She has worked with musical theatre directors, choreographers and companies including; Margie Gillis, Genevieve Johnson, Susanna Hood, Judith Adams, Jeremy Tow, Senta Driver, Hanya Holm, Agnes de Mille, Nina Weiner, Maureen Fleming-Odo, Lynne Taylor Corbett, Helen Myers, Chick Snipper, Kokoro Dance, Judith Marcuse, Lee Eisler, Deborah Dunn, Judith Garay, Jennifer Mascall and Cheryl Prophet.
Geneviève Johnson has performed since 1995 in more than 50 productions as a dancer, actor, and/or choreographer in Nanaimo, Montreal, and Toronto. In 1999, after practicing Butoh in Canada, she went to Japan to study with founders of the genre. She completed an interdisciplinary PhD in 2008 from University of Quebec in Montreal, investigating the plural body in her practice, interweaving dance, theatre, and poetry to establish new ways to create, perform, and train.
Since 2006, she has collaborated with artist Holly Bright, using her creative language of poetry in motion – Landscape Under Skin Theatre; visible through her contributions to and performance in The Sun and the Moon project (created in 2018) and remounted with great success at the Vancouver International Dance Festival and Crimson Coast Dance, February and April 2022, and in the process to become a screendance.
Geneviève is now developing further her passion for creating dance on film through Vancouver Island University Digital Media Studies and mentoring with visual artist/filmmaker Evann Siebens. Geneviève has been invited to be part of “Body Fluid” exhibit, with her work “Threading Side By Side” a durational-performance film-installation, mixing solo dance performance, filmmaking and community engagement at the Comox Valley Art Gallery, February to April 2023. This work continues her exploration of the fluid, transformative, and connective states of the human body in movement with others and the environment.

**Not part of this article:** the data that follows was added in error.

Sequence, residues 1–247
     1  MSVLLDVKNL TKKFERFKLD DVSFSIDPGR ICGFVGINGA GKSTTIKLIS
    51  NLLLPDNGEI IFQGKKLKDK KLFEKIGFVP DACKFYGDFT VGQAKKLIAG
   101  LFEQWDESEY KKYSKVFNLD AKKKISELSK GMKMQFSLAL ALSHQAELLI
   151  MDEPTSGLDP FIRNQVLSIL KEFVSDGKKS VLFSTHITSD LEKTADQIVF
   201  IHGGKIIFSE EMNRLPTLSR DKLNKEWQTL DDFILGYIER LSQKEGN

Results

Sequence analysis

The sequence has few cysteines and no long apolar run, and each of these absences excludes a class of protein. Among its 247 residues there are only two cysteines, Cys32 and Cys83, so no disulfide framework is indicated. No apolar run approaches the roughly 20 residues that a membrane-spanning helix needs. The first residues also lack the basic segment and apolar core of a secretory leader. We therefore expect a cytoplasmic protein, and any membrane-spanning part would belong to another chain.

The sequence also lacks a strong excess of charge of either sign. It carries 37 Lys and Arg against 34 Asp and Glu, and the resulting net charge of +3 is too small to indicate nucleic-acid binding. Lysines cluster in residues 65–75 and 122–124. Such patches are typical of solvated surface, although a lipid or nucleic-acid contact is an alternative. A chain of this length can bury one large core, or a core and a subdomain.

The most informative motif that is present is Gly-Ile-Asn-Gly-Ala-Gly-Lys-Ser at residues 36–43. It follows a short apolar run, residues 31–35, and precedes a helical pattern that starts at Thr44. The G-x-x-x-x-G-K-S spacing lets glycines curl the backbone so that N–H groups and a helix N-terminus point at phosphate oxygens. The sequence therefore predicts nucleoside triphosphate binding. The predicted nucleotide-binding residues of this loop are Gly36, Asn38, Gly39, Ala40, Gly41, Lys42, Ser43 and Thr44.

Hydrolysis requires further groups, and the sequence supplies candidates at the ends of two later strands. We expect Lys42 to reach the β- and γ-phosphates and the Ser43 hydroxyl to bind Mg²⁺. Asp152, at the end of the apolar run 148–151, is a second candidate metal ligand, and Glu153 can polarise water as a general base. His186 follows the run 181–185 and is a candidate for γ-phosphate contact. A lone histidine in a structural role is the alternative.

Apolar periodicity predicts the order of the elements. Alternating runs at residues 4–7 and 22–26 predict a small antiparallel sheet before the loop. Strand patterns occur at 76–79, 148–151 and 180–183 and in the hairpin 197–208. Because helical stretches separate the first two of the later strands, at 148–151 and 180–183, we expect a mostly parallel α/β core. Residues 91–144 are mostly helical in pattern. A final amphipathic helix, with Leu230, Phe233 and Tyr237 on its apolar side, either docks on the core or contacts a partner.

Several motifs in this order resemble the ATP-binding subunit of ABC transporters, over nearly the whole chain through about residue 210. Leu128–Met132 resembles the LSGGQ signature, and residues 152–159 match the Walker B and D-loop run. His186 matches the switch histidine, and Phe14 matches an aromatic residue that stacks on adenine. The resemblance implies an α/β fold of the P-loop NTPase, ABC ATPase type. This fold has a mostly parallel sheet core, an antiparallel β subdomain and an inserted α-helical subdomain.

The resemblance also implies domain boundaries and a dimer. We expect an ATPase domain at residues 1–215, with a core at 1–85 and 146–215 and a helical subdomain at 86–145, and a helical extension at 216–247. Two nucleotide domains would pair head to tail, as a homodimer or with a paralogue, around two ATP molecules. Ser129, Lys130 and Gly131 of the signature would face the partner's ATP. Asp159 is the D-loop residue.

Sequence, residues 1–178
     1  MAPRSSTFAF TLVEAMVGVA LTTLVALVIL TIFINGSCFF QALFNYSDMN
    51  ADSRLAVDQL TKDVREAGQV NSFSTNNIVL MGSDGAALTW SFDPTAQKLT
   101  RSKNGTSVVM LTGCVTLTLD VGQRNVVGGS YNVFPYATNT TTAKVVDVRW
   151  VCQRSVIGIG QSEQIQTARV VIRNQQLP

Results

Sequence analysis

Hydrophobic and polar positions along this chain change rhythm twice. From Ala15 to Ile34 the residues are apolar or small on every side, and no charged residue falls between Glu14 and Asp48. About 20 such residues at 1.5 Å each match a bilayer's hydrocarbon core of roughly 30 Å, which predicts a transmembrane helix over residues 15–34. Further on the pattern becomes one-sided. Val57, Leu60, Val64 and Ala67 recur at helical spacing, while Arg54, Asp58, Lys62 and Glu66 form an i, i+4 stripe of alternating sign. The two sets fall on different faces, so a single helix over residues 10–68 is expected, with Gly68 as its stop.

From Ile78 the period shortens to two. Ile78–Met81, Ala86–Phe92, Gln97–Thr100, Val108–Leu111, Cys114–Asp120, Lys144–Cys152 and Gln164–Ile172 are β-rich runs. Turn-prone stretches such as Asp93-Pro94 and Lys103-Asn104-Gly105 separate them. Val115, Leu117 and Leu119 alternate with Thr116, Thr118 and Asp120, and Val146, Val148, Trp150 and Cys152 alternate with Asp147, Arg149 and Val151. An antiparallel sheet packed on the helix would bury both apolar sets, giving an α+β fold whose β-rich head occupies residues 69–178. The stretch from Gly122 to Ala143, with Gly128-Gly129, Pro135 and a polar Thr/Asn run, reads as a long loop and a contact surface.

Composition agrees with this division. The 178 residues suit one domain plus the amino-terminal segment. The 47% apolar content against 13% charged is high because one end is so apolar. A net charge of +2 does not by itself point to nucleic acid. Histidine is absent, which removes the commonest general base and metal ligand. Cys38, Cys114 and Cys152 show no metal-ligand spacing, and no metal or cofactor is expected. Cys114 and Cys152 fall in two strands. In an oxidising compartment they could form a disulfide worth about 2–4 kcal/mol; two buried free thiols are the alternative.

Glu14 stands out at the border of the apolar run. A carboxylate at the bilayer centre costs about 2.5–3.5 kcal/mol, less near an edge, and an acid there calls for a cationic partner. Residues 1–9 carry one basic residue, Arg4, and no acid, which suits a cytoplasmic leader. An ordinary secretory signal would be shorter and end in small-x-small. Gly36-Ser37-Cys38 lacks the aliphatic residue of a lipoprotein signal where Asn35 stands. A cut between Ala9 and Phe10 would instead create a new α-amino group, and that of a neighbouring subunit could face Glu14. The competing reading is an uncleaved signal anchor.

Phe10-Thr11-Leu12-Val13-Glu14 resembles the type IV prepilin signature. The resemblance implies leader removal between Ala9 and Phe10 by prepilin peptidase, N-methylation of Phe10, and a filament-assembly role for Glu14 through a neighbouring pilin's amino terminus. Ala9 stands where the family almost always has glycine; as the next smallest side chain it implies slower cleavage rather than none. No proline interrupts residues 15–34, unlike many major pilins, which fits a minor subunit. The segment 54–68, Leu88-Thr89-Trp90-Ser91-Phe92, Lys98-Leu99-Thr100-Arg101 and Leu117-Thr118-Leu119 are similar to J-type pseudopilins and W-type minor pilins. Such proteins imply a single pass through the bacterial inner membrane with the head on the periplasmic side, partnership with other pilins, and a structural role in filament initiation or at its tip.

John Carter, lighting designer: As Production Manager for the Shadbolt Centre for the Arts, John was instrumental in encouraging dance production and design in the Vancouver area. He has designed lights for many Canadian Dance companies and has acted as Lighting Director for several dance festivals including Chutzpah, Dancing on the Edge and for Crimson Coast Dance Society since its inception on Vancouver Island. He now occasionally teaches at Vancouver Island University, provides career guidance for youth interested in lighting through Crimson Coast Dance’s Body Talk Program and enjoys life on the Island with his wife Shelley.
Charles Quevillon (b.1989) is a composer/performer born in Montreal (QC) and now working in Helsinki (FI). He has a master in composition from the Conservatoire de Musique de Montréal (Prize with Distinction).
Collaborations are central to his artistic practice. He has worked ten years with choreographer Tedd Robinson on 25 projects, some of which (ex: TRUST) he co-authored and performed in as a musician/dancer across Canada’s most prestigious dance festivals (FTA, VIDF, CDF, FND). This collaboration culminated in 2018 when they co-authored a 1-hour opera/ballet titled Love and Other Things presented at the NAC. The composition of this opera started with a three months CALQ residency in Tokyo Wonder Site(JP), where Charles also studied butoh dancing with Yoshito Ohno and practiced zen meditation in Soto temples.
His holistic and multidisciplinary approach to composition has brought him to work internationally with ensemble and musicians that are redefining music performance like Defunensemble (FI), Sound initiative ensemble (FR), the duet Altra Voce (QC), Kollectiv Totem (CH) and Émilie Girard-Charest (QC). He also collaborates with Finnish visual artist Maija Tammi. They have presented together The 1m3 of Human Experiment in Kiasma Theater and Meidän Festivaali and collaborated on the exhibition Immortal’s Birthday presented in Forum Box, Helsinki (FI) in 2020.
Apart from composing, performing and creating unique sound designs for award-winning films, dance and theatre productions, Charles Quevillon is now pursuing a doctorate and teaching at Uniarts Helsinki, Sibelius Academy (FI). This artistic research project, funded by SSRCH, focuses on the symbolic use of electronic music technologies and the ritualization of music performance.